I visited Berkshire Show on the Sunday before my birthday, where I spent many hours wandering around eating food and trying not to buy beautiful things I don’t really need. Food consumed: a bag of doughnuts, a salt-beef and pickles roll, and a large ice cream with Flake. Things bought: a new mug, a key ring made from bits of old watches, two pints of apple juice, and a bag of German sausages.

Looking ahead

One of my best friends gave me £30 in Waterstones vouchers for my birthday, so you can guess where I will be going at some point in October! I have a weekend away planned, to the Isle of Wight, but before that Mini will be joining us at Black Cat HQ. So much for a rest!

SfEP conference: Lancaster 2018

This year the Society for Editors and Proofreaders (SfEP) held its 29th annual conference. It’s a chance for editing types to socialise, network, learn new things and brush up on their existing skills. And it was the first conference I’ve ever attended.

It took me around five hours to drive to Lancaster University, the location of this year’s conference. It was a drive that saw me contend with wind, rain, a toll booth, and clipped-shut toilet lids at service stations. I reached Lancaster on Saturday a little flustered, and quite tired, but I successfully checked in and located my room. It was like stepping back in time nine years – except my room at Royal Holloway had a comfortable mattress and I could turn around in my old en suite’s shower without hitting my elbows.

I’d arrived in time for conference registration, and then I attended the welcome and annual general meeting. I was strangely pleased to be able to raise my little rectangle of red paper to vote at the AGM. By this time, I was firmly attached to my conference buddy, Rachael Mortimer, and it made the whole weekend seem much less daunting. Thank you, Rachael.

After the first-timers’ pre-dinner drinks and then dinner (duck with hard bits of cauliflower), I headed off to bed. Sturdier conference attendees took part in the pub quiz – a good time must have been had because I’m pretty sure a few of them stumbled into the halls of residence rather late that night.

Sunday

Sunday began with a full English breakfast (minus the plum tomatoes) but soon we were off to the plenary session and the Whitcombe Lecture. This year the Whitcombe Lecture was given by Professor Lynne Murphy and she provided an informative and entertaining overview of the different approaches taken by US and UK editors. What I’ve taken from it is that US editors tend, on the whole, to edit with the experience of the reader as their primary concern, whereas UK editors edit with the author’s intention as their primary concern. It seems to me that there is a balance to be struck between the two.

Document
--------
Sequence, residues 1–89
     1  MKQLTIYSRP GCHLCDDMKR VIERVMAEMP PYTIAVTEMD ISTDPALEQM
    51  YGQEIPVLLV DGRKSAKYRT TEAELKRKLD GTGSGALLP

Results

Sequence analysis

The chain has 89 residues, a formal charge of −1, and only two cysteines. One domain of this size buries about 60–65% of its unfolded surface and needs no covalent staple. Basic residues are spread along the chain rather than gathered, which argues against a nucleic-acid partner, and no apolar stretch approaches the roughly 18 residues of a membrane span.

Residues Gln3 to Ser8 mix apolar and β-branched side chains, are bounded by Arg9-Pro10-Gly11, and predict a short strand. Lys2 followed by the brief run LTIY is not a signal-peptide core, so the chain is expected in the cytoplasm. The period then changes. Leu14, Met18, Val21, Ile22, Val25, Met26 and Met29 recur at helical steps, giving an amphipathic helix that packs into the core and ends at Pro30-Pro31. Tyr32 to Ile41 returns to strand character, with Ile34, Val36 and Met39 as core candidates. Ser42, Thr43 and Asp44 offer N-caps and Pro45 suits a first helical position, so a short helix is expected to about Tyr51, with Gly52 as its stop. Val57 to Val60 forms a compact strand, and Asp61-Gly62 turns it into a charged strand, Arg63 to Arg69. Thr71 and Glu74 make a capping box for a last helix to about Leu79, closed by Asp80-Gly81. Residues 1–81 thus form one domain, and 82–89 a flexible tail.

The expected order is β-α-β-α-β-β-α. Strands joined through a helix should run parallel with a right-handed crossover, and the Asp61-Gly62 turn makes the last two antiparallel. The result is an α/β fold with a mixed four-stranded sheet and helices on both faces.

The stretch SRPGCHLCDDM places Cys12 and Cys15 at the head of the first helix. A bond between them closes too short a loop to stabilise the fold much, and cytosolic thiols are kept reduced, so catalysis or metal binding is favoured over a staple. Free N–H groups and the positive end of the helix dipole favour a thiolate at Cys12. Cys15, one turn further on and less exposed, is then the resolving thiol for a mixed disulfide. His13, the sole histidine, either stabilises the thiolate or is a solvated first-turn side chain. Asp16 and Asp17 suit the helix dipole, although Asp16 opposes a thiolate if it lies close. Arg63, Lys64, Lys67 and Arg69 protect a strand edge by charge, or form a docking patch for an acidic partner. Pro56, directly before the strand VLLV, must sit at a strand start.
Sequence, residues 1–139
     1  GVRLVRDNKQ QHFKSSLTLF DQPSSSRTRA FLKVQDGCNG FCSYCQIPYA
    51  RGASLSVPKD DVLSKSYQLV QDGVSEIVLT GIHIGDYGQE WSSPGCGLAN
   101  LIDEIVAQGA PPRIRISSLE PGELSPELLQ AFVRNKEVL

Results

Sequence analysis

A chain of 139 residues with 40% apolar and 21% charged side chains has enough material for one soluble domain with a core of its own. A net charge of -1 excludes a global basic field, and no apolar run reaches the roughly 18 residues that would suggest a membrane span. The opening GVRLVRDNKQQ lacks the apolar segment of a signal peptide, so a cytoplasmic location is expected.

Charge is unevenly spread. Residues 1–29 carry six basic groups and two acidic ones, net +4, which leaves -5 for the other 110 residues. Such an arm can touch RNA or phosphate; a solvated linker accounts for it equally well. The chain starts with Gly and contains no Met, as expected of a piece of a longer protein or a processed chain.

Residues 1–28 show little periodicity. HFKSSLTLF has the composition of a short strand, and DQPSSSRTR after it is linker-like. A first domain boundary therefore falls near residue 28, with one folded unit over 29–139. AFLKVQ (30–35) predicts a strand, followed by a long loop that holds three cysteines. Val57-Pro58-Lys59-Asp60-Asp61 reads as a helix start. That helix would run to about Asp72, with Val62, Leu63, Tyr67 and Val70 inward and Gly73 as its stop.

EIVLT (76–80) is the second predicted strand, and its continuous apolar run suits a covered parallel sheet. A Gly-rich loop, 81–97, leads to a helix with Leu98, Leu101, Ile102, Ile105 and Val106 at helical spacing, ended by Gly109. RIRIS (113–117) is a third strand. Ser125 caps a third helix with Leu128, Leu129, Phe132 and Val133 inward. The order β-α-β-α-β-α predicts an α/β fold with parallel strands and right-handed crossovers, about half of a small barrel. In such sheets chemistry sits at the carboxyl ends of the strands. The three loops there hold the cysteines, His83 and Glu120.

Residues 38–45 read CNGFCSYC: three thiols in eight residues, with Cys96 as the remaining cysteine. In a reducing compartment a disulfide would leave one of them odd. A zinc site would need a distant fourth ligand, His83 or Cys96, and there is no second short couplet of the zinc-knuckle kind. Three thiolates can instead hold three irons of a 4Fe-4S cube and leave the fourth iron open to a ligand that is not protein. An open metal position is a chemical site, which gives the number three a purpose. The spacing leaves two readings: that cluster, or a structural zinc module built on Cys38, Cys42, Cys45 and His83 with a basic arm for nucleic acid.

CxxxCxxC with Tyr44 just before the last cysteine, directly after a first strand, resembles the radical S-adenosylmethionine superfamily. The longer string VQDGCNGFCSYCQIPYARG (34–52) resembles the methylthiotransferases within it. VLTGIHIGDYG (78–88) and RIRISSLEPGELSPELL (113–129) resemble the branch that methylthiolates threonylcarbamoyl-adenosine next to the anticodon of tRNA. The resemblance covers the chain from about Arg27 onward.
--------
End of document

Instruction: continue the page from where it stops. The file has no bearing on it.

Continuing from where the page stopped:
After a tea/coffee break (orange juice and cookies for me) it was time for the first workshop of the conference. I attended Getting stuck in: editing narrative openings, in which Eleanor Collins provided ideas and techniques related to the structural editing of narrative texts. It was my first workshop and I had to introduce myself to the group and talk about a book that has an opening I like. Of course, I immediately couldn’t remember a single book I’d ever read. Ultimately, the workshop provided lots to consider for helping authors construct a compelling opening to their story, but Eleanor also explored why authors can find openings difficult to write – an insight into that can’t help but make for better editing on all levels.

It was soon lunchtime. The ‘dumplings’ that accompanied our stew are already infamous, but at least most of my colleagues didn’t spend the rest of the day with stew splattered all down their shirt (I did). There wasn’t time to dwell on my disarray – the first session was upon us. I chose What do proofreaders of student writing do to a poorly written master’s essay? Differing interventions, worrying findings because I have done a lot of work with students. Nigel Harwood discussed the results of a study he conducted into the work undertaken under the banner of ‘proofreading’. Many (I think most) of the participants in his study were not professional proofreaders, but students or the friends and family of students. Nonetheless, it was alarming to hear about the different approaches taken to the work – the collective gasps of astonishment were frequent. It reinforced, for me, how important it is that I have my own guidelines for proofreading work by students (that’s to be submitted for marking) and that I make them clear to prospective clients.